We have used molecular genetic methods to examine the status of cell cycle-inhibitory genes in human brain tumors. We found that p16 and a neighboring gene, p15, were often homozygously deleted in glioblastoma multiformes but not in medulloblastomas or ependymomas. The deletions occurred in both primary tumors and their derived xenografts, but no intragenic mutations in either of the two genes were found. The p15 gene was expressed in a more widespread pattern in normal tissues than p16, but the products of both genes had similar capacities to bind to cyclin D-dependent kinases 4 and 6. These data suggest that the target of deletion in glioblastoma multiforme includes both p15 and p16 genes. The reason that homozygous deletions, rather than intragenic mutations, are so common in these tumors may be that deletion is a more efficient mechanism for simultaneous inactivation of both genes.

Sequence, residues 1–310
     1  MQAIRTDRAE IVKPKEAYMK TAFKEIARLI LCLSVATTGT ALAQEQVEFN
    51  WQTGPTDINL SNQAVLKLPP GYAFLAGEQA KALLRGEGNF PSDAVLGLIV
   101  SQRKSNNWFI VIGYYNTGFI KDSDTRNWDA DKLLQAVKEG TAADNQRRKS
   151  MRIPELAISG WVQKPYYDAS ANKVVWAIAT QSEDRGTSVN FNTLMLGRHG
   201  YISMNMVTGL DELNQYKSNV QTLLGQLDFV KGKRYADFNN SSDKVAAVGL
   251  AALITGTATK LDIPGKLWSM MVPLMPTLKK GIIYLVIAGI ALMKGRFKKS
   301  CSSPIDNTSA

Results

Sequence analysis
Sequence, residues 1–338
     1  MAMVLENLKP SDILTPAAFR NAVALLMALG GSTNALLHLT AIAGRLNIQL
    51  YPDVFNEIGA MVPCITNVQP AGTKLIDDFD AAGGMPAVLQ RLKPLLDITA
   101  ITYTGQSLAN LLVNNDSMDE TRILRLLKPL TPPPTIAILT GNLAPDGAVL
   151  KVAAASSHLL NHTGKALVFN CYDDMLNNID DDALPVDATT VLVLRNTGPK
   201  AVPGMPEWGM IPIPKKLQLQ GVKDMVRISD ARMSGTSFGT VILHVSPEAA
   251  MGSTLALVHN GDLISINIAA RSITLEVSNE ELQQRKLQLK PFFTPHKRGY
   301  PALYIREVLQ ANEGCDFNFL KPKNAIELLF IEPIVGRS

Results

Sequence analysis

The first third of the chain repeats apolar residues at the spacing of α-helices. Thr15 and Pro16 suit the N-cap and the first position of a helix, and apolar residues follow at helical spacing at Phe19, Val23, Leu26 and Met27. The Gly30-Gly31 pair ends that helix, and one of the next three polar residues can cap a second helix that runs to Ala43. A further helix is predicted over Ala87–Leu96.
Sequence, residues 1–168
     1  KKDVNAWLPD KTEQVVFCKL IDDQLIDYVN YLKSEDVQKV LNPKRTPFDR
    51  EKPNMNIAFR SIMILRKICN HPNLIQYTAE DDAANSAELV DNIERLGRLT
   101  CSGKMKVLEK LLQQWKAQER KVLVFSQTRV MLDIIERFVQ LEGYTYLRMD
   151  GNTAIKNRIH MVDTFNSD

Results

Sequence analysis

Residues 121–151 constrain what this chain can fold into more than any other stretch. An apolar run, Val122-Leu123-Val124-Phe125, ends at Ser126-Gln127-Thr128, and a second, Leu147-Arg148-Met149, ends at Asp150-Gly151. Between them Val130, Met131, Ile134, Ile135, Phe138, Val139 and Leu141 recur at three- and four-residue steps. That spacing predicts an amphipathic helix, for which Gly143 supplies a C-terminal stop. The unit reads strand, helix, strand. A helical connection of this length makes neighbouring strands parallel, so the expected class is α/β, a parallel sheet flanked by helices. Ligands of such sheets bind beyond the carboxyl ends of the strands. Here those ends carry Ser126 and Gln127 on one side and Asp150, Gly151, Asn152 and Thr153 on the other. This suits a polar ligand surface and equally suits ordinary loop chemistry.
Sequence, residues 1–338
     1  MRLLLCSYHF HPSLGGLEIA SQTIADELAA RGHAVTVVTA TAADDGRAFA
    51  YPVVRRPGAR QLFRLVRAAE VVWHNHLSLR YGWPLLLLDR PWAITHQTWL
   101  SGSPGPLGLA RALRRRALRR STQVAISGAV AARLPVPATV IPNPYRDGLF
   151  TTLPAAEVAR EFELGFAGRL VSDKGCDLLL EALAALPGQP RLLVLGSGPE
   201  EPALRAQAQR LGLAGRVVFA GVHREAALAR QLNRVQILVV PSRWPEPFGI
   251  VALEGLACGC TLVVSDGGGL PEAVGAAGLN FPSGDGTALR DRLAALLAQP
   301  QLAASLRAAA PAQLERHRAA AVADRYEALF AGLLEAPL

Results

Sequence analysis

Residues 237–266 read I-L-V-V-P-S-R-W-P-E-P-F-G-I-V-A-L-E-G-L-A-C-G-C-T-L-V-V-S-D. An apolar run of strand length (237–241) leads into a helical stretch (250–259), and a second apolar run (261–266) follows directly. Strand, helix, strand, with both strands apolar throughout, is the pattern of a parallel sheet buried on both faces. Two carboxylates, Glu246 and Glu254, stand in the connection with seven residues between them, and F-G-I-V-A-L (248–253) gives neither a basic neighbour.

1

This work was supported by the Preuss Foundation; the Clayton Fund; the National Foundation for Cancer Research; Baylor SPORE in Prostate Cancer; NIH Grants CA-58204 (J. W. H.), AG-11085 (S. J. E., J. W. H.), CA-43733 and CA-51504 (S. H. B.), CA-11898 and NS-20023 (D. D. B.), CA-57208 (S. M.), CA-51183 (J. W.), CA-41183 (B. V.), and CA-09243 (J. J.). B. V. is an American Cancer Society Research Professor.

This content is only available via PDF.